Dr. Saul Cornell is a prolific scholar with an impressive academic pedigree. Currently, he has an endowed Chair in American History at Fordham University and previously worked as a professor in history at Ohio State University and was the director of the Second Amendment Research Center at the John Glenn Institute. It was a great honor to have Dr. Cornell speak for our final symposium of the semester: “The History of the 2nd Amendment.” As a scholar with significant expertise on the wording, historical context, and public impressions of the 2nd Amendment, he had a unique and dynamic understanding of the way that this famous element of our Bill of Rights was meant to be perceived. He was able to present a new interpretation of the current political climate regarding gun legislation: both liberal and conservative stances misunderstand the 2nd Amendment’s few, short phrases. In reality, the 2nd Amendment is a simple commentary on the regulation of militias, a concept foreign to many of the loudest voices in this debate. Dr. Cornell also discussed the jurisprudence surrounding gun laws in the United States, and how much of this ties back to race relations in the United States.
Dr. Alisha Menzies, assistant professor in Communication, championed a fascinating discussion on the burden of moral culpability faced by the famous few. She asked: “Should we hold what celebrities and public figures say to a higher moral standard? Are their communication mistakes worth more?” The conversation spanned a great distance, first attempting to define which celebrities had a greater obligation than others. One student wondered whether professional athletes should have opinions of the same weight as political figureheads; another scholar questioned the impact of words versus actions (i.e. the Colin Kaepernick protest). Dr. Menzies funneled the discussion through various relevant scandals, from the Valium-induced tweets of Roseanne Barr to Megyn Kelly’s blackface scandal. Unfortunately, time was called before we could shift focus to unpacking rapper Kanye West! Overall, it was an intriguing look into the standards we hold celebrities to and, in turn, the standards we hold ourselves to.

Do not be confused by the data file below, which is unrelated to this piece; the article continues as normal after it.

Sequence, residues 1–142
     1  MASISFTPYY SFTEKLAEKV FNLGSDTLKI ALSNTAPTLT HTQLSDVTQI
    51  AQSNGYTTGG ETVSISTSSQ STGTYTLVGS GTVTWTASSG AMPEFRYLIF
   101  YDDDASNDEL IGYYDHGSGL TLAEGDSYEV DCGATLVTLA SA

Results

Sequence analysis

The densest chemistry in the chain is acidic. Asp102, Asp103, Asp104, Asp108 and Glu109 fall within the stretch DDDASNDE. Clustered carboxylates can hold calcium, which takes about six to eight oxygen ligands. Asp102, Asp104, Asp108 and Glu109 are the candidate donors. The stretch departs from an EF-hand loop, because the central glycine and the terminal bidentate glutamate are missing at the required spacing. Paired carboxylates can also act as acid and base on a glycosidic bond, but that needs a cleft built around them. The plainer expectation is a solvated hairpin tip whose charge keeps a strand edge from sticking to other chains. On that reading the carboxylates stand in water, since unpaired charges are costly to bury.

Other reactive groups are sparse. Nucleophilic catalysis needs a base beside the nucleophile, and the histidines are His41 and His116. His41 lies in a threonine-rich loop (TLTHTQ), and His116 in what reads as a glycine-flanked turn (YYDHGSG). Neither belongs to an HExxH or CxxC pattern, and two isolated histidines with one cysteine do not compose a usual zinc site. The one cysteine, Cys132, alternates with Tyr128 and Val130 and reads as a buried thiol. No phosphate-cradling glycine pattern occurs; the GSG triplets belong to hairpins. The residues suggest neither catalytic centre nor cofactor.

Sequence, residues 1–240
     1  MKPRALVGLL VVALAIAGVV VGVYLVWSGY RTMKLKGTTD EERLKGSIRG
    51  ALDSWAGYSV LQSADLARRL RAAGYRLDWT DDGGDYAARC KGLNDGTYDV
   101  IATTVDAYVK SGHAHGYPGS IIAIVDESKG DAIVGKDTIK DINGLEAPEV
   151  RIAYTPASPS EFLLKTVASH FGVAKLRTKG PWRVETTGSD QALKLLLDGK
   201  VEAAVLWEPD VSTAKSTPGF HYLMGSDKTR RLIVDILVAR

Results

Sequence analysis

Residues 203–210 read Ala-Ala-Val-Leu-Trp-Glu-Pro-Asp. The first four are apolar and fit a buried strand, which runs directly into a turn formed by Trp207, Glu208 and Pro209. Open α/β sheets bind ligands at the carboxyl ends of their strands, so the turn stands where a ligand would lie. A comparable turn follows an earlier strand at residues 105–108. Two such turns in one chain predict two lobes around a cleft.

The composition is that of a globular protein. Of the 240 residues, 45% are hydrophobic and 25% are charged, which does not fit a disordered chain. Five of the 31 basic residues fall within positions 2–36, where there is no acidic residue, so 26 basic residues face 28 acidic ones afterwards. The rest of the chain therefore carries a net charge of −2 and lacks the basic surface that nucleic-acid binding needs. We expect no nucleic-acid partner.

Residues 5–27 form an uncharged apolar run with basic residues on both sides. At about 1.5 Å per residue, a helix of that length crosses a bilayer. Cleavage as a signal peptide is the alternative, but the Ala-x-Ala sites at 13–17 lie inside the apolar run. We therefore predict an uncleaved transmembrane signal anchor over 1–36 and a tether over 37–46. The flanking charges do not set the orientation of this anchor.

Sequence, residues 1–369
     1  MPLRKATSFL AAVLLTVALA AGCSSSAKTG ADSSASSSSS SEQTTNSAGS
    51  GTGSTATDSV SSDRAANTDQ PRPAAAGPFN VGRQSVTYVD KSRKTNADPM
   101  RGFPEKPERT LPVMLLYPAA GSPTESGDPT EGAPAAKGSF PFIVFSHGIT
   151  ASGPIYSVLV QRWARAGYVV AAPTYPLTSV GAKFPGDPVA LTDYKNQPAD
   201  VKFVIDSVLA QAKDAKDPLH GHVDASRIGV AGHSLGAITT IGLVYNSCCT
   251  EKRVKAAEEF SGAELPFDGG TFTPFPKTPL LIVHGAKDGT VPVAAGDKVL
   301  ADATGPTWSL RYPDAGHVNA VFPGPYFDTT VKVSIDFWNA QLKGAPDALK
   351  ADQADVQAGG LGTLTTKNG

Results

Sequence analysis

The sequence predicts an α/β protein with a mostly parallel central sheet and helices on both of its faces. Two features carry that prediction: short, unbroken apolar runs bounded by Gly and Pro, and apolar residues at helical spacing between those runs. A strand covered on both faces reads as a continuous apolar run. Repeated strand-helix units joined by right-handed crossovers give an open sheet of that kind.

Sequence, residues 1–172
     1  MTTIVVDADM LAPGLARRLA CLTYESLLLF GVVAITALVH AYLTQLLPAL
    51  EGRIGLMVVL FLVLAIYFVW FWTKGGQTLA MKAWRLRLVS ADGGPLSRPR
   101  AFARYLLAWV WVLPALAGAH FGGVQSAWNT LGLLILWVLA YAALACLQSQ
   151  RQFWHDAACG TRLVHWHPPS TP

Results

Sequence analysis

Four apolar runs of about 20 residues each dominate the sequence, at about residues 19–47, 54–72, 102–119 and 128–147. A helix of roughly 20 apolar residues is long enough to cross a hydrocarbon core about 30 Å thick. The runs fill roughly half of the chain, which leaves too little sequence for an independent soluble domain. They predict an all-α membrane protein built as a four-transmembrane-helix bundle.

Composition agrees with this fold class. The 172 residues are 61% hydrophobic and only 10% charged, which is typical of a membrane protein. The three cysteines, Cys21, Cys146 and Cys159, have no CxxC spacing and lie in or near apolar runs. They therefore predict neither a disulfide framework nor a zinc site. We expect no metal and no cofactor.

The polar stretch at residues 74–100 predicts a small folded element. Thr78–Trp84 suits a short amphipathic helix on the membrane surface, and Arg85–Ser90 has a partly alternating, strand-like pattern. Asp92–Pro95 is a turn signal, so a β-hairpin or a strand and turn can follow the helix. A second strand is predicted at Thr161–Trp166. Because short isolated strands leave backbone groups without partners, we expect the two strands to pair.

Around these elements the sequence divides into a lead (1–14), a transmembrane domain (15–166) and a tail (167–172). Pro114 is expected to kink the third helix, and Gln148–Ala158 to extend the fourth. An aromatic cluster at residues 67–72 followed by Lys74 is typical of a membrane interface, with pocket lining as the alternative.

Students in Denis Rey’s Honors Introduction to Government and World Affairs class visited Stageworks Theatre several weekends ago to attend a matinée performance of Judgement at Nuremberg. The students, pictured on the set after the performance, were impressed with the dramatic portrayal of the events that transpired during the attempt to hold perpetrators accountable for the crimes committed during the Holocaust. They were conflicted between the arguments made by both the prosecutor and defense attorney and contemplated whether principles such as collective responsibility applied, a broad concept that implicated most if not all of German society, or whether a narrower standard should be employed. In the end, students benefited greatly from watching these dilemmas play out. The Honors Program provided the funding for this learning experience.